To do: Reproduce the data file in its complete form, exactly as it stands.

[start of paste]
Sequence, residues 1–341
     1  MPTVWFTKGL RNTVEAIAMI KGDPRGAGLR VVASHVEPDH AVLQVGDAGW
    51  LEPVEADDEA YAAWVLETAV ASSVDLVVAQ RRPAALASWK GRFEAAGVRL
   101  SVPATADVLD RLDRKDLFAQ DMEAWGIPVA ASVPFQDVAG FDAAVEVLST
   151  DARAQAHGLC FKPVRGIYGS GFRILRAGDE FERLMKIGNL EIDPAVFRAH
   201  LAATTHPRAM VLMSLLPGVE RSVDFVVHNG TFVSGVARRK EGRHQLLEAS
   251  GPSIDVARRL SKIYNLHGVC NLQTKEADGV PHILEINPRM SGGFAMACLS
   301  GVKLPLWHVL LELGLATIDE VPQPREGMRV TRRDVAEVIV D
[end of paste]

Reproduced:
Sequence, residues 1–341
     1  MPTVWFTKGL RNTVEAIAMI KGDPRGAGLR VVASHVEPDH AVLQVGDAGW
    51  LEPVEADDEA YAAWVLETAV ASSVDLVVAQ RRPAALASWK GRFEAAGVRL
   101  SVPATADVLD RLDRKDLFAQ DMEAWGIPVA ASVPFQDVAG FDAAVEVLST
   151  DARAQAHGLC FKPVRGIYGS GFRILRAGDE FERLMKIGNL EIDPAVFRAH
   201  LAATTHPRAM VLMSLLPGVE RSVDFVVHNG TFVSGVARRK EGRHQLLEAS
   251  GPSIDVARRL SKIYNLHGVC NLQTKEADGV PHILEINPRM SGGFAMACLS
   301  GVKLPLWHVL LELGLATIDE VPQPREGMRV TRRDVAEVIV D